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Haloband brings smartphone functions to the wrist

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January 13, 2014

The Haloband uses NFC technology and a companion app to allow users can control their smar...

The Haloband uses NFC technology and a companion app to allow users can control their smartphones by tapping them with different points on the band

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From lifestyle monitors to UV detectors, recently we have seen an array of connected wristbands emerge to serve a variety of purposes. In a similar vein, the Haloband is designed to put the convenience of technology within arms reach, but does so by extending the functionality of a smartphone to your wrist.

The device uses Near Field Communication (NFC) technology and a companion app through which users can control their smartphones by tapping them with different parts of the band. The company used surgical-grade silicone to house three units each comprising a chip, an antenna coil, PET substrate, adhesive and backing paper at separate points around the band, dividing it into three sections (A, B and the CloudZone).

Using the app, the device is able to be customized by assigning different move sets to various smartphone functions. For example, "Tap A + B" can be set to pause music playback, or "Tap A x 2" can be set to turn on the flashlight. The company says the functions of the Haloband are only limited to that of your phone, provided of course it is NFC-capable.

With sections A and B to be used to control the smartphone, the CloudZone is intended, as the name suggests, to work as a cloud service dedicated to identity authentication and information exchange. The company says this is currently being refined and it plans on opening up the Application Programming Interface (API) to developers in anticipation of products and services, such as smart keys and cloud payments.

According to the company, the Haloband is waterproof and does not require a separate battery, nor will it drain the battery of your smartphone. It will come in black, purple, red, yellow, green, blue and white, and in five sizes measuring between 16 cm (6.3 in) and 22 cm (8.7 in). The weight will vary in accordance with its size, anywhere between 10 g (0.35 oz) and 15 g (0.5 oz).

The device is compatible with Android NFC phones and tablets (no iOS support, yet) and is the subject of a Kickstarter campaign due to draw to a close on January 16. At the time of writing, $US25 pledges are available with shipping estimated for February 2014.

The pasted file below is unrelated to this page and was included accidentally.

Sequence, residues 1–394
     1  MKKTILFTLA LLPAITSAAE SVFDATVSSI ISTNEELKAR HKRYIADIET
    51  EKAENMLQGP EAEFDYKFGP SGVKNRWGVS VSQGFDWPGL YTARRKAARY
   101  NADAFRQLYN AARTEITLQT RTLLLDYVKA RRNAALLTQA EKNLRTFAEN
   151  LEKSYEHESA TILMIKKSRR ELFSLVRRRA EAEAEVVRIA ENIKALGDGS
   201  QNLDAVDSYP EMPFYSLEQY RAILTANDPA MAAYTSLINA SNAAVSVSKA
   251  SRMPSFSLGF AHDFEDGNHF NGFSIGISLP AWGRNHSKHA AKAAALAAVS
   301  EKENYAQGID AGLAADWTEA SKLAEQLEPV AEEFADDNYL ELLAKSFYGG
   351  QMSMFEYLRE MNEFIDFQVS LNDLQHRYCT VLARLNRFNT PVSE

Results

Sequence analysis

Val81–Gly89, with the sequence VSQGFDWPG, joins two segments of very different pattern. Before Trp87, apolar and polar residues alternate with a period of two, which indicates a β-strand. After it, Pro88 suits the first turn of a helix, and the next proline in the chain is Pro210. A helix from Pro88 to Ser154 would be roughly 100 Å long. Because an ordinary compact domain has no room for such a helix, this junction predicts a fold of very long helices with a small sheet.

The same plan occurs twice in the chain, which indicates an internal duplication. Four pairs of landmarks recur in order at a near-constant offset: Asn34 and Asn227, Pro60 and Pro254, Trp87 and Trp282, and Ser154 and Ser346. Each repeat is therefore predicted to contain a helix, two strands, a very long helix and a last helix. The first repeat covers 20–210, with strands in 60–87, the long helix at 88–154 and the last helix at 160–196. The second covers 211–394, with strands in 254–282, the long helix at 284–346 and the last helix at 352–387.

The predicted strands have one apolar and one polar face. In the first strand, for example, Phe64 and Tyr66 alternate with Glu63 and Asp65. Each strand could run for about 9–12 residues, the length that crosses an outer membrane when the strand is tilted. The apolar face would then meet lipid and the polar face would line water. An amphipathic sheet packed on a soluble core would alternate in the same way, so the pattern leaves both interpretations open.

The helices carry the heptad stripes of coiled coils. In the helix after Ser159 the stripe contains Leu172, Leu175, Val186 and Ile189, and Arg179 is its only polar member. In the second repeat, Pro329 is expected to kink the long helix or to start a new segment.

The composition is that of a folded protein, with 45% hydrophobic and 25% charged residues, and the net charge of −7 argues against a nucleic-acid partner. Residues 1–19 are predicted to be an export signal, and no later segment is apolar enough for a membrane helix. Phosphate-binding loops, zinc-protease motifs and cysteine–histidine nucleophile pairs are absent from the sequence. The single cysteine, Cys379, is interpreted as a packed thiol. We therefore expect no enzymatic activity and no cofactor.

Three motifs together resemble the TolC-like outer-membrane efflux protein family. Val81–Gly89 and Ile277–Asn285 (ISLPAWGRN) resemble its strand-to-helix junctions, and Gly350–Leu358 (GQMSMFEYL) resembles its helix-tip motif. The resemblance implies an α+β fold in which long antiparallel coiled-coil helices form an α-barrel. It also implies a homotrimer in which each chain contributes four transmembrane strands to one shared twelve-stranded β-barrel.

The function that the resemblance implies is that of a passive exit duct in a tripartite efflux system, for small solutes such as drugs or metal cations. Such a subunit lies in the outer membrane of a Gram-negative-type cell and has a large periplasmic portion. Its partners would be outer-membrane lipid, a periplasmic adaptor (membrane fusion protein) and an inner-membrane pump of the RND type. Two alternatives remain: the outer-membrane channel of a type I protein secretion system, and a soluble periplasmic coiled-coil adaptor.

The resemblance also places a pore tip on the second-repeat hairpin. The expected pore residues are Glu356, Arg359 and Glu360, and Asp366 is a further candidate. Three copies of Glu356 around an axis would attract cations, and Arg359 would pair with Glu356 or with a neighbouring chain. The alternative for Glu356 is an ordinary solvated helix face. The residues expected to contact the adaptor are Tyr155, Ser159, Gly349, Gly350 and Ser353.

You can watch Haloband's Kickstarter video below.

Source: Haloband

About the Author
Nick Lavars Nick was born outside of Melbourne, Australia, with a general curiosity that has drawn him to some distant (and very cold) places. Somewhere between enduring a winter in the Canadian Rockies and trekking through Chilean Patagonia, he graduated from university and pursued a career in journalism. He now writes for Gizmag, excited by tech and all forms of innovation, Melbourne's bizarre weather and curried egg sandwiches.   All articles by Nick Lavars
3 Comments

I can't differentiate this between the actual NFC bands...:( may be i guess, it houses 3 nfc tags in one band...but other than that it's just another NFC features...If i missed some thing, kindly enlighten me...

I can get better functions with traditional NFC Tags/NFC Bands/NFC Key-chains costing very cheap(about $1 to $6)...and add an app called Trigger to my android...:) :)

Rambo
14th January, 2014 @ 02:16 pm PST

Rambo, I just checked out the app Trigger and it looks like something I want to try out. Thanks!

Paul Anthony
15th January, 2014 @ 08:24 am PST

I think this is a great idea. As much as you might think that you could setup your own triggers and all, the fact is that the bracelet has the chips in it already. And the developers app would simplify the whole process. Not to mention give you uses you may never have even thought of. I like it. The only problem I have after looking at there website is the price. I would only hope that would come down after they get their production going.

Snatr
19th January, 2014 @ 11:50 pm PST
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